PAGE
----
Belvoir, her trainer, says Whitaker "is kind of like a daughter to me. We sometimes have our differences, but we try to be a team. And we work pretty good together."
Some of her most important contributions come during the morning workouts, he went on, "because that's a big part of keeping the horses sound. She knows them because she gets on them in the morning and works them all. She's honest, and I know she's going to come back and tell me what's wrong."
After all these years, Whitaker said, "I still like galloping. And my work shows when a horse is good in the paddock, good in the post parade and he goes to the gate and he leaves there straight and he leaves there running. That's gratifying to me, when I can see that I've actually helped one.
"Even if they don't win," she said, "I can still see where my work paid off. I pretty much know these horses inside and out, and as long as they do everything right, then I did my job."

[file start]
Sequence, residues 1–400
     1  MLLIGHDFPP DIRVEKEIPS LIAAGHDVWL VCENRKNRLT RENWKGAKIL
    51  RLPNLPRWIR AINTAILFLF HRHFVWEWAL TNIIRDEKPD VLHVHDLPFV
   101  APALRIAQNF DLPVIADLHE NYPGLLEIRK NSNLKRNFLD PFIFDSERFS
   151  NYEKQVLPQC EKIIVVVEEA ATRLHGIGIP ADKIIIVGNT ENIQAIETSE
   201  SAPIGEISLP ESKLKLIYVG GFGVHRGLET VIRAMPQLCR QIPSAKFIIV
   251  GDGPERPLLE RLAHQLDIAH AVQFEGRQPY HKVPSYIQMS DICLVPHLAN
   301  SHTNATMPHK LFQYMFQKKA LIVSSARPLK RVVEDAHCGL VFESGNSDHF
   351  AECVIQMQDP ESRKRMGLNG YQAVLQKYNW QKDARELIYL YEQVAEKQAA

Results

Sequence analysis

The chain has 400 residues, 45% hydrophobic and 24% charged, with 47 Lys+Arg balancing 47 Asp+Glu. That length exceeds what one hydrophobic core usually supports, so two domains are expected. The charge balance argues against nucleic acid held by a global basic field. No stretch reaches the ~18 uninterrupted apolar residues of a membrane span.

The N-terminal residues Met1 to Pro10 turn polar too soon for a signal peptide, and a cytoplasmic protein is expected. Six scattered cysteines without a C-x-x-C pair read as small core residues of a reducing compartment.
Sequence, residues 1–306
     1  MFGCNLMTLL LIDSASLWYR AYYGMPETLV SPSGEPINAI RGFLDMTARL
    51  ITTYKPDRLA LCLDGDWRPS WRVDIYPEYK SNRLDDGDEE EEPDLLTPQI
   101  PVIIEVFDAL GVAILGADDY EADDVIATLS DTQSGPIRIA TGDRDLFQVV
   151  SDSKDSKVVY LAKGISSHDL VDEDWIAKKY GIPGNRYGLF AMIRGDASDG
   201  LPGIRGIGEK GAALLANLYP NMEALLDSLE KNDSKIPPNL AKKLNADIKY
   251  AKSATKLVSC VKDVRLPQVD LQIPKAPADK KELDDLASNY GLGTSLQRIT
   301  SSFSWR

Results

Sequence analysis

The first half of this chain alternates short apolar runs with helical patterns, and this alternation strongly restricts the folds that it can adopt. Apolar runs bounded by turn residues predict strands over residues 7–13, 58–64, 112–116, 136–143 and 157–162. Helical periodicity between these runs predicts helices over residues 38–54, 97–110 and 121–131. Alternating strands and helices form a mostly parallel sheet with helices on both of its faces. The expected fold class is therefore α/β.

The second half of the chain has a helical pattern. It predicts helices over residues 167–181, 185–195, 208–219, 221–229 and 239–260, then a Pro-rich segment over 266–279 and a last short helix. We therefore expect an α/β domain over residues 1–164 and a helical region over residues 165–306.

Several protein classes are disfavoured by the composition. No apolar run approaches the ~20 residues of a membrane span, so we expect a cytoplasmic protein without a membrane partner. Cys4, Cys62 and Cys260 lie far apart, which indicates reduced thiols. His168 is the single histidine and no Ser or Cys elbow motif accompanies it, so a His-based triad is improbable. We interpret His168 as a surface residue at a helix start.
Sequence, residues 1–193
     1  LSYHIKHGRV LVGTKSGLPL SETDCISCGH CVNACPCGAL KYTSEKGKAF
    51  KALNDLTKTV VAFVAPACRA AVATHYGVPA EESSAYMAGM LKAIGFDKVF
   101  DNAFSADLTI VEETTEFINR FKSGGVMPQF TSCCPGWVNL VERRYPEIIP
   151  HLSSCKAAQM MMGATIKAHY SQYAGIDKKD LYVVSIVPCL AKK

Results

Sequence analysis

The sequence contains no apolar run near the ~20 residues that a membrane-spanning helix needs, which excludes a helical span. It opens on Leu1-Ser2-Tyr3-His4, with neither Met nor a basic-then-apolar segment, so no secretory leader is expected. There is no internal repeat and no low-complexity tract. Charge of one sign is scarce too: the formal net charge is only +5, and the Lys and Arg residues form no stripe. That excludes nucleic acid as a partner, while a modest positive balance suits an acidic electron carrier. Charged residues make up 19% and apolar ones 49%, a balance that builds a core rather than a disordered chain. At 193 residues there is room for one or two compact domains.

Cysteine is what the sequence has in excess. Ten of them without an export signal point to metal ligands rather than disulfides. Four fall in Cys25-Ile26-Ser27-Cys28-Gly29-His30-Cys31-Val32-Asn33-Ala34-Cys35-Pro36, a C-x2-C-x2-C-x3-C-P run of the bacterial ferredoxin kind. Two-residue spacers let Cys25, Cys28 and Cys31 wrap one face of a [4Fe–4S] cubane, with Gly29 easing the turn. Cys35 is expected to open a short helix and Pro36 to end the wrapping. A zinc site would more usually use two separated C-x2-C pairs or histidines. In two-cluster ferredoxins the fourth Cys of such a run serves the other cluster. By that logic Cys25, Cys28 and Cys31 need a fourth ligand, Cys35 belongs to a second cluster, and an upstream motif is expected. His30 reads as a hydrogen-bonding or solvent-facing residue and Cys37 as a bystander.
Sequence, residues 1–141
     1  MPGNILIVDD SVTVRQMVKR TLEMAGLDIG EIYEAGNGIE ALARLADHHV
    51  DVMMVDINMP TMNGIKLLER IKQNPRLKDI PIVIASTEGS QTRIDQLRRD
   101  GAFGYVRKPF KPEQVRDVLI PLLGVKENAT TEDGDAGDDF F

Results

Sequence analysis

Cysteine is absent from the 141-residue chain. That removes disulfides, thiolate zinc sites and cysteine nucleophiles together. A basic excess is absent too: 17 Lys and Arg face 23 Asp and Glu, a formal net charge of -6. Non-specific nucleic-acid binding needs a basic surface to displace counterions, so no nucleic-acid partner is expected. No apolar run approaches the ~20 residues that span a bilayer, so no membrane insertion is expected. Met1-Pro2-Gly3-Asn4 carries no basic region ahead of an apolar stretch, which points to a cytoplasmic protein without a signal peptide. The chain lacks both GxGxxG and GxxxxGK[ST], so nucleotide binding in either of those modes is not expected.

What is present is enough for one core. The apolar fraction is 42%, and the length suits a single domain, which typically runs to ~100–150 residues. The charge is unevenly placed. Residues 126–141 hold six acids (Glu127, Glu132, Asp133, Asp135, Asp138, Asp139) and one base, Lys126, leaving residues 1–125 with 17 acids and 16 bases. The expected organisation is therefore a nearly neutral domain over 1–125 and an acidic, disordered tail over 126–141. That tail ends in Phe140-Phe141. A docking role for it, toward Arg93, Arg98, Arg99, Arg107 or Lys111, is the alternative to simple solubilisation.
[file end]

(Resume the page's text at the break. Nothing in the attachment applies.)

Off and running

Emerald Downs in Auburn begins its 13th season of thoroughbred racing at 6 p.m. today. The 91-day season continues through Sept. 28 and features 35 stakes events worth more than $2.3 million.Racing is held Fridays, Saturdays and Sundays through the first six weeks of the season, with Thursday racing beginning May 29. Post time is 6 p.m. on weekdays and 2 p.m. on weekends and holidays. Exceptions are 5 p.m. on July 3, and 2 p.m. on July 4.The centerpiece of the season is the 73rd running of the $300,000 Longacres Mile on Aug. 17. Other top races include the $100,000 Washington Oaks on Aug. 16, the $100,000 Emerald Derby on Sept. 1, and the $100,000 Gottstein Futurity on Sept. 27.Ricky Frazier, who set an Emerald Downs single-season record with 157 wins in 2007, is back to defend his title as leading jockey. Gallyn Mitchell, the track’s all-time leader with 966 wins, is on pace to hit the 1,000 mark by midseason.More information: www.emeralddowns.com

Story tags » SnohomishCommunity SportsHorse Racing